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Today's News

  • Griffith belts one for Vols

    Dianne Griffith has entertained with her powerful pipes before.

    It wasn’t until recently that she sang for a crowd at Thompson Bolling Arena in Knoxville, however.

    Griffith, who performs with the Roane County Choral Society and the Knoxville Opera Company, sang The Star-Spangled Banner on Nov. 8, when the University of Tennessee’s Lady Vols soundly defeated Union University in exhibition play.

    More than 11,000 fans were in the stands.

  • County officials pass ambulance rate increase

    Roane County commissioners Bobby Collier and Nick Forrester represent the same district.

    Forrester said constituents flooded him with calls urging him to oppose a rate increase for ambulance service.
    Collier, on the other hand, said he didn’t receive any such calls.

    The contrast may have explained their votes.

    Saying he thought the rate increase made good business sense, Collier voted in favor of the rate increase, which passed by a 10-5 vote at Monday’s commission meeting.  

  • Looseleaf laureate by Terri Likens: It’s time to list the things I’m thankful for

    With several gloomy days behind us and the calendar’s darkest month looming ahead, it’s easy to feel a little bummed about winter.

    I work to avoid the winter blues, usually with activity and sometimes with mind games.

    For instance, I remind myself that by the time Christmas gets here, the days will already be growing longer again.
    This December has a slightly gloomier edge to it.

  • Harriman’s TubaChristmas concert Dec. 3

    Merry TubaChristmas is celebrating its 38th anniversary. Created by Harvey Phillips, Merry Tuba Christmas 2011 concerts will be presented in more than 250 cities throughout the United States and in several foreign countries.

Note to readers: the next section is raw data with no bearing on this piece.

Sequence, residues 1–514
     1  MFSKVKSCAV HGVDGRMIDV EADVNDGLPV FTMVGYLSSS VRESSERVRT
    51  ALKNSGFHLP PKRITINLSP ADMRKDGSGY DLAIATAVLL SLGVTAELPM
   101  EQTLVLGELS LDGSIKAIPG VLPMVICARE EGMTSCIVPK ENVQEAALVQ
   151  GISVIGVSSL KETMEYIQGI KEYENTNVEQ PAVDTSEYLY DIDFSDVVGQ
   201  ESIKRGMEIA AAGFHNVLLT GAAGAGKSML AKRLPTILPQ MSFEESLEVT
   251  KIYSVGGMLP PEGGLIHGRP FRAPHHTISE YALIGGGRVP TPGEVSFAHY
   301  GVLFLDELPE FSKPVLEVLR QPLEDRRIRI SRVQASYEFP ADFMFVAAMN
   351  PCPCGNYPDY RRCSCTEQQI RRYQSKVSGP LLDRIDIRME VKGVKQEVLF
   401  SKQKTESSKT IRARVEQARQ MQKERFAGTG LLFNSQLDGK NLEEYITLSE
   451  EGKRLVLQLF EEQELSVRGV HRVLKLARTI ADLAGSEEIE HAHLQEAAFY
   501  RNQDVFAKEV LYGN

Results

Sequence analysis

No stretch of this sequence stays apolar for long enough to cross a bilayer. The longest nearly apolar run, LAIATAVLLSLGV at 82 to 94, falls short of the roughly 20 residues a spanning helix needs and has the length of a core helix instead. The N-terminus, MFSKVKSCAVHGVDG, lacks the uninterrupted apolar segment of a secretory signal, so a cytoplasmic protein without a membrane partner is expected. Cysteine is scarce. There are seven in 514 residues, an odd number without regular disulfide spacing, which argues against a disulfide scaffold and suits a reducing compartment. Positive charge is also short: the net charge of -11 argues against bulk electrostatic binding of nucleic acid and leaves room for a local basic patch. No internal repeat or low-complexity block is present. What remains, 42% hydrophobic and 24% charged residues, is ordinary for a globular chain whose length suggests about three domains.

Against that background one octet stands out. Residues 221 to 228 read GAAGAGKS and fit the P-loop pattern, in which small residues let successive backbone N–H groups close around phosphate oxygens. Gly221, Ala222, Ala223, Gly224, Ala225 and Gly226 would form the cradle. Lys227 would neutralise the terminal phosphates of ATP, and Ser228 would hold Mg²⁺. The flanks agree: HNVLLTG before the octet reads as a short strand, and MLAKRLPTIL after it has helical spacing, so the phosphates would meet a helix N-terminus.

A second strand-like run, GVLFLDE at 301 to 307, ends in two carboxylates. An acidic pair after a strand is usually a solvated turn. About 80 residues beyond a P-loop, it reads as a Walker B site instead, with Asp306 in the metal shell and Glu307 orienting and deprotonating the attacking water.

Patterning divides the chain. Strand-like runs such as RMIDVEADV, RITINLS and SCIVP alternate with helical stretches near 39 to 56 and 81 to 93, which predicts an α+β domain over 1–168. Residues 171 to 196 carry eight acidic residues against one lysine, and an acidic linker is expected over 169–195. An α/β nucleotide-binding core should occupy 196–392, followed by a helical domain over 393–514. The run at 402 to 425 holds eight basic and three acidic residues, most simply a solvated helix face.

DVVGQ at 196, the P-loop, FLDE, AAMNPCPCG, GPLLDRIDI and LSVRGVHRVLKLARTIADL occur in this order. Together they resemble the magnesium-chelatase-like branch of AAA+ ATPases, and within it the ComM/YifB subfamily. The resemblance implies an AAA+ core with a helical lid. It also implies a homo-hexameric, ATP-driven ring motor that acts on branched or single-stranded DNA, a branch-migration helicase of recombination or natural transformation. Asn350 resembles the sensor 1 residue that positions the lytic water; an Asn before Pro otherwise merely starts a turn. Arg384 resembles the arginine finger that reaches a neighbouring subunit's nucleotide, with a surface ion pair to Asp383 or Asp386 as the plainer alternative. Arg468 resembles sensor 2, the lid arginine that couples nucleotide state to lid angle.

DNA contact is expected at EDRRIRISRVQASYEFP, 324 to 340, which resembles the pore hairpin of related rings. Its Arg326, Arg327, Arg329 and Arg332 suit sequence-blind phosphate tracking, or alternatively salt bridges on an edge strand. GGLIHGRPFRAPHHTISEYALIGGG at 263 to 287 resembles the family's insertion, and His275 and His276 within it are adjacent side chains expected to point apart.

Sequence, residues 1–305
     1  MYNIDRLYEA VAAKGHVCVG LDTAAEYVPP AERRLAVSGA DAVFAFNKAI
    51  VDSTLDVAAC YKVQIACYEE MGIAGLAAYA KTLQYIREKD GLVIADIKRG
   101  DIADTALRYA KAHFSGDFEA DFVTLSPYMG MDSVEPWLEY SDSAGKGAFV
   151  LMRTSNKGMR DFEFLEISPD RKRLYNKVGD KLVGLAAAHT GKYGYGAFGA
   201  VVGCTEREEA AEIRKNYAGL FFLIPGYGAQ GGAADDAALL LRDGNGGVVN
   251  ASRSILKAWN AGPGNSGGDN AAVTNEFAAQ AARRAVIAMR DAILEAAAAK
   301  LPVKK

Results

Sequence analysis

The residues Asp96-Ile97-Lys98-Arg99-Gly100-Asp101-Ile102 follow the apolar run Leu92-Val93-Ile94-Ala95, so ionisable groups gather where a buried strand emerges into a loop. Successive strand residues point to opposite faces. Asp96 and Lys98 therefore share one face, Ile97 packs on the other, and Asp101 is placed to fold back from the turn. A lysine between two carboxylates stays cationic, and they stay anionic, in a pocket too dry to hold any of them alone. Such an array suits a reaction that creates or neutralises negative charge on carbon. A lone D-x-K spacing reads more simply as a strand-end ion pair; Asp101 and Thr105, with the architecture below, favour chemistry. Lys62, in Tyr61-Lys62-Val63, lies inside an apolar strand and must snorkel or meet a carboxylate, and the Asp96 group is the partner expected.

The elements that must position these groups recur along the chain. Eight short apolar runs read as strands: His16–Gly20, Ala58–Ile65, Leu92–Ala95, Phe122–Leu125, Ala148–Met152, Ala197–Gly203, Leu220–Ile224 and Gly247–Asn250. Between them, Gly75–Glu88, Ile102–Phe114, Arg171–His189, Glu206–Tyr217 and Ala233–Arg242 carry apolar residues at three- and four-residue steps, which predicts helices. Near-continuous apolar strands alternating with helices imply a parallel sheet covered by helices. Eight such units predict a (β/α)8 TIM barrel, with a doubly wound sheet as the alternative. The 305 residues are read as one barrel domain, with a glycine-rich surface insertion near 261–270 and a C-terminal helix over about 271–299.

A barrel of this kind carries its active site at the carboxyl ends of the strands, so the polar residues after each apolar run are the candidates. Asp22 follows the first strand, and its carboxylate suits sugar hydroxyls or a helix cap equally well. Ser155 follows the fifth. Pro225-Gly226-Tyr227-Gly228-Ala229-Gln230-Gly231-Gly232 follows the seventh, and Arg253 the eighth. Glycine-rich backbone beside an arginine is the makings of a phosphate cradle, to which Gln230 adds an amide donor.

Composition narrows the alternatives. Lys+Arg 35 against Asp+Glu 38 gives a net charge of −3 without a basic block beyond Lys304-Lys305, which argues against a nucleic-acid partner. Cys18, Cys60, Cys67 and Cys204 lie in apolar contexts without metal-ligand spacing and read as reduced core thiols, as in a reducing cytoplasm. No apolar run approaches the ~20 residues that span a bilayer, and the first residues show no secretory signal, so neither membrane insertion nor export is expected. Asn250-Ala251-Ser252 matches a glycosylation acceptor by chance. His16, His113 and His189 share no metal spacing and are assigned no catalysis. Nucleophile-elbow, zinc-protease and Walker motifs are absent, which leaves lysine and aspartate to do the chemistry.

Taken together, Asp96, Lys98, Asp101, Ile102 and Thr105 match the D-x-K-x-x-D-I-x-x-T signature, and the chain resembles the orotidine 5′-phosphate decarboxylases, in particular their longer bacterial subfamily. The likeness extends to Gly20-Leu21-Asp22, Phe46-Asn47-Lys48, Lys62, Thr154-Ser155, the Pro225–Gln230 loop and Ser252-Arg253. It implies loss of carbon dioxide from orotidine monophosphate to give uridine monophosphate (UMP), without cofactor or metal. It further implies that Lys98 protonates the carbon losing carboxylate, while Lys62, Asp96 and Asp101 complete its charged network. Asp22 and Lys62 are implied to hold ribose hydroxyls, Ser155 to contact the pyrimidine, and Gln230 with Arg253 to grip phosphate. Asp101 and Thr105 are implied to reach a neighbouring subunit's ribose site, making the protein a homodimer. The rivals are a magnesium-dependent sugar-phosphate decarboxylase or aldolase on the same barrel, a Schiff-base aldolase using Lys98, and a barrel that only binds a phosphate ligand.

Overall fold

Phillips was inspired to create Tuba Christmas as an annual event honoring his teacher, the late tubist William J. Bell, who was born on Christmas Day in 1902.  
    Every Christmas season, tuba and euphonium players of all ages gather to pay respects to Bell and all the great artists and teachers who represent their heritage.  

  • Feel the glow from Kingston Christmas lights

    Christmas should be a little brighter on Kingston’s main streets this season — thanks to a set of new holiday decor lights.

    The city council bit the bullet earlier this year and purchased energy-saving LED lights in the form of twinkly snowflakes and sparkly, candy-cane-stuffed stockings.

    The cost of Christmas lighting had the city thinking of turning off the old lights for a big part of the Christmas season. That seemed to make everyone involved sad.

  • A VIEW from LICK SKILLET by Gerald Largen: Charles Holiway offers common sense plan

    We were pleased to see Damon Lawrence’s front page article in Monday’s issue of the News entitled “Enforcing ID law to be a matter of trust at the polls.”

    This article arose from that abominable act of the legislature requiring government issued photo identification documents in order to exercise that most fundamental of Americans’ birthrights, the right to vote.

    In case you missed it, Damon’s first paragraph read thusly:

  • Princess preservation gets honored

    The effort to reclaim the majesty of Harriman’s Princess Theater continues to draw praise from those passionate about preservation.

    This time the East Tennessee Preservation Alliance announced that Harriman’s effort was a winner of the 2011 East Tennessee Preservation Award.

    The alliance named the award winners on Nov. 11 at Jonesborough’s International Storytelling Center, a part of the 2011 East Tennessee Preservation Conference held in Tennessee’s oldest town.

  • Reduced bond denied for backseat bandit

    Michael D. Buttram expressed his displeasure with a $25,000 bond on a charge of aggravated robbery, and asked Roane County General Sessions Court Judge Dennis Humphrey to lower it on Monday.

    “What I would like to know is something about your background and why you should get a reduced bond,” Humphrey told Buttram.

    After Buttram finished telling the judge some things about himself, the prosecutor asked court clerk Jennifer Melton to read off Buttram’s criminal history.

    “He’s got a theft of property,” Melton said.

  • Going for the Gold

     

    C.G. Sexton of Harriman waits to have his coins examined by THR & Associates at the Holiday Inn Express last month. The price of gold, silver and other metals have many people cashing in.

  • Harriman joins pain clinic skeptics

    Harriman may join a growing list of communities putting a moratorium on pain clinics until the state enacts a crackdown.

    A moratorium “would stop us from issuing any business permits for pain clinics,” Mayor Chris Mason said at a workshop on Tuesday. “It is just a temporary ban, and I think it’s a big issue.”

    Mason wants to schedule a meeting in order to discuss a moratorium resolution.